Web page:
Well, since I can't sleep for thinking about last night's Sherlock offering anyway, I think I'll take this opportunity to apologize to anyone who might not have found the latest episode a high-inducing drug and taken my swear-y reaction personally. I have excuses.
You see, I am such a fanboy that I subconsciously deduced Sherlock would . . .
. . . oh, spoilers alert! Bail! Bail! Bail!
Safe now? Good.
. . . . that Sherlock would be on a saline drip by episode's end and put myself in hospital on a saline drip myself to celebrate the fact.
I'm fine, really. You get to be a man of a certain age and lack of shape and you just have to be sure of some episodes. And we're pretty sure things are okay. But saline drip coincidence! Yay!
I also obviously relate to Sherlock enough to not mind looking ridiculous when I feel my cause is just. Plus, I really, really thought everybody else was seeing what I saw last night when I wrote my initial reaction. Afterward, posting links to the blog on Twitter and Facebook, I discovered that wasn't really the case. Sorry about that, dissenting Sherlockians. People are always at their worst when they think God is on their side, and I thought we were all on the same page for a moment there.
"The Lying Detective" was like candy to me, though, and now it would seem it was one of those candies like licorice that divides the populace. There are fans of Nicholas Meyer's The Seven-Per-Cent Solution out there, which I detest, and "Lying Detective" both paid tribute to it and did a better job in addressing Holmes's drug issues without ruining the character, to my mind. But the drug thing is always a potential spot for division among Sherlockians.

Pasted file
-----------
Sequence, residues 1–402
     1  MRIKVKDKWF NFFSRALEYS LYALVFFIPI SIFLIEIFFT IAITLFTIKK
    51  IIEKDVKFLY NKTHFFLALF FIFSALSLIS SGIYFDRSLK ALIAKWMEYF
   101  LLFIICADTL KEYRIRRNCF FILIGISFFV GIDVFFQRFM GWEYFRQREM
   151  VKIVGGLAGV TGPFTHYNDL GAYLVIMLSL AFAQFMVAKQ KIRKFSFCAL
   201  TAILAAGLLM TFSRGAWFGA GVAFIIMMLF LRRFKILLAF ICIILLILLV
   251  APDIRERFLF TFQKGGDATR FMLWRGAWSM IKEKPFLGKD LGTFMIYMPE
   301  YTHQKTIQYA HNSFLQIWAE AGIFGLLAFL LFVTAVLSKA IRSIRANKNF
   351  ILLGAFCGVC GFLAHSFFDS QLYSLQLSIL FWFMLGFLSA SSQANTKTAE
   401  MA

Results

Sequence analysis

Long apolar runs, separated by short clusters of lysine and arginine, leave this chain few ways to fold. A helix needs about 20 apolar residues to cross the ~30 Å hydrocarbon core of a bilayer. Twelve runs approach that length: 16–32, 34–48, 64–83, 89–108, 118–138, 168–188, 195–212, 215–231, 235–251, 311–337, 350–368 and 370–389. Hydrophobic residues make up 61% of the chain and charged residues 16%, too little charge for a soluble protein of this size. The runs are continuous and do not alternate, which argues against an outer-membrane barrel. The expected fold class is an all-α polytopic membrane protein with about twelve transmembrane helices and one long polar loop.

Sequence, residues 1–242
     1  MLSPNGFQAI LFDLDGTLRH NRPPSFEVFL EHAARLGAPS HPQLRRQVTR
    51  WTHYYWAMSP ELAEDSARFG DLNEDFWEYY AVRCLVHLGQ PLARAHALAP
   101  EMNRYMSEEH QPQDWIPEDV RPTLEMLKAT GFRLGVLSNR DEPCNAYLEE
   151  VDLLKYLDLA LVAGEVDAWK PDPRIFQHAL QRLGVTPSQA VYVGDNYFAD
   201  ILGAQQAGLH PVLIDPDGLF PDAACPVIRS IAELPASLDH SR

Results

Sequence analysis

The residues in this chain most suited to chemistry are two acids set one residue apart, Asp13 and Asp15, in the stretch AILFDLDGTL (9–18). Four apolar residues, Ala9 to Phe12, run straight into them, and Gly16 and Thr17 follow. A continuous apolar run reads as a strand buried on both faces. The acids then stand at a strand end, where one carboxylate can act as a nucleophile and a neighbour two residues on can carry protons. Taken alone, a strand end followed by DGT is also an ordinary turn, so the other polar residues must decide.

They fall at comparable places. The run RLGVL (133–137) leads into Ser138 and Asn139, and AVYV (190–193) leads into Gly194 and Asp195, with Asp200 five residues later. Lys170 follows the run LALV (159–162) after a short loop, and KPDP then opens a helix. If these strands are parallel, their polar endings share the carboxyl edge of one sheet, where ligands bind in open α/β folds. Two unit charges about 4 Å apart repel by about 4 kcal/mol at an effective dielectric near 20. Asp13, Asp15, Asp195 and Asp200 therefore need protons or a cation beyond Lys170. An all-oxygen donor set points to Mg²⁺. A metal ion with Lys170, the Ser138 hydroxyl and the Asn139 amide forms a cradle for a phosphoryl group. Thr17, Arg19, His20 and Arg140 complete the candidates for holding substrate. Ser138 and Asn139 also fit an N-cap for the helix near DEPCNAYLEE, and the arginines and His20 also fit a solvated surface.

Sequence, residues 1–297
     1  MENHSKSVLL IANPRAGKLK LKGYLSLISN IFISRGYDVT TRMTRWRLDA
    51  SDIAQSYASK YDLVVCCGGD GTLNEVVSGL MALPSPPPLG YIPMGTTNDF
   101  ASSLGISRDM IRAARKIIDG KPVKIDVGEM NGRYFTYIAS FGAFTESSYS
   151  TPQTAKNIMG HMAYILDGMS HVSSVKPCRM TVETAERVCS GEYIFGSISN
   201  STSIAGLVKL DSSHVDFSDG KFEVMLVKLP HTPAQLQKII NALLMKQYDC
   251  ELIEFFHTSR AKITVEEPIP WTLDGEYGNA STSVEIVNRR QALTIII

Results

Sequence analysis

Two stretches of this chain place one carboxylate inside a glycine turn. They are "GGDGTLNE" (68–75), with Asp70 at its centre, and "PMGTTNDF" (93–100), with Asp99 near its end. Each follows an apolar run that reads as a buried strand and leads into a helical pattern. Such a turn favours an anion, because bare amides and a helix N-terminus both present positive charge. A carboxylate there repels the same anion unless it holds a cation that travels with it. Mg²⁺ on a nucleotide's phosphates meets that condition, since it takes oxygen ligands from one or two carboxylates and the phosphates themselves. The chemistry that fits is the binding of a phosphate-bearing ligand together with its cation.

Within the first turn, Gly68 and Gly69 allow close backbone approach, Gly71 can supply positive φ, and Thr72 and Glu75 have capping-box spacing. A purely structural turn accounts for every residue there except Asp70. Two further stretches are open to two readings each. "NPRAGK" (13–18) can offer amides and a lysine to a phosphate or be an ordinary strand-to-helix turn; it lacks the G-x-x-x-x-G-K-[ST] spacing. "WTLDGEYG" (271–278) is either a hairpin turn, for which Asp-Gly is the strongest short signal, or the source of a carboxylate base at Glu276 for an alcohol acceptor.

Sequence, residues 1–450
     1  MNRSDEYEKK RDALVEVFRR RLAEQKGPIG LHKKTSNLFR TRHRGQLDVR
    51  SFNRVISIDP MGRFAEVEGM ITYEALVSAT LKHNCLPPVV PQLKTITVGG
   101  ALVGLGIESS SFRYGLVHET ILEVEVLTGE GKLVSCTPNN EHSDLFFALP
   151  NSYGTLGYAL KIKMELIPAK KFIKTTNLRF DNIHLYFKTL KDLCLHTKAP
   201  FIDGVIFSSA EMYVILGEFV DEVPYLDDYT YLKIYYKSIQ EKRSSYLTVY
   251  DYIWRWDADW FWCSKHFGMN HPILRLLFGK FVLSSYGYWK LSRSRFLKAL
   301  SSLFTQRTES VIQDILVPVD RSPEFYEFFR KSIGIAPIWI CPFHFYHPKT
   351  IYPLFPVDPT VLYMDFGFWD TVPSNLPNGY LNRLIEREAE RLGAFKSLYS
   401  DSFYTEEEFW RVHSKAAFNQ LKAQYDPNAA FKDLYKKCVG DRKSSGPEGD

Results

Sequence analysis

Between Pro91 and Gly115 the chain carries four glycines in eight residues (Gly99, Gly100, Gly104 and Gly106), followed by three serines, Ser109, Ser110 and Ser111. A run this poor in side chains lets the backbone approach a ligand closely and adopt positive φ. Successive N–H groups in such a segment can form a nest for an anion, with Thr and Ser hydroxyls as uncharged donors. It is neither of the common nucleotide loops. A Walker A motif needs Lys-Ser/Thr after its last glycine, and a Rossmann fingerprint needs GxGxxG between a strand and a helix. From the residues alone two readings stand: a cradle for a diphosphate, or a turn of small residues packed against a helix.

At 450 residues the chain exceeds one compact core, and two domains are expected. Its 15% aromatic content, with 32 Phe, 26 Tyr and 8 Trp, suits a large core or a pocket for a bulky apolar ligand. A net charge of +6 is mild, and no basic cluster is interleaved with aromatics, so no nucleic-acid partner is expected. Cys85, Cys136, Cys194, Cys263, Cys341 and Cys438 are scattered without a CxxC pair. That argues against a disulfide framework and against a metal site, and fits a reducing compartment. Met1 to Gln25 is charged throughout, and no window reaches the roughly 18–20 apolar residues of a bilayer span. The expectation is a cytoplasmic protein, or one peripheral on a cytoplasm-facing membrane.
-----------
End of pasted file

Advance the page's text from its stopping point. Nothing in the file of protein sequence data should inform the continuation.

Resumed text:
Also, big fan of both Batman and Hardcastle and McCormick here, so 221 Baker Street suddenly having a "Huddersmobile" was just more candy to me. Probably not to the "too Bond" viewers, but since Sherlock has always been an intellectual Bond to me in his way, I'll take it.
I like Moffat's little tricks of making you think something, showing you were wrong, and then going "Oh, no, you were right the first time!" I like the addition of a Sherlock Holmes method of logically predicting human behavior weeks in advance. (All of Sherlock's tricks have long been in the "well, that might work if the dots all line up" category, so the new one was just extrapolating the Canonical "mind-reading" sequence.) And I like being retold a Canonical tale in a way that surprises me, as note-for-note adaptations, after forty years of fanning, would simply be dull ritual to me.
And then there's the fanfic aspect of Sherlock. H.H. Holmes and Sherrinford are both non-Canonical, but have always been hanging on the edge of things a fan associates with Sherlock and wants to see brought in. Just like Sherlock getting back together with Irene. Purists argue against it, but the ardent fan is always tempted by the possibility, if not the reality.
Can't imagine how they're going to bring this all home for a thoroughly satisfied third act, after getting me this sugared-up on episode two of the three. But I sure did love this one.
And that, I won't apologize for.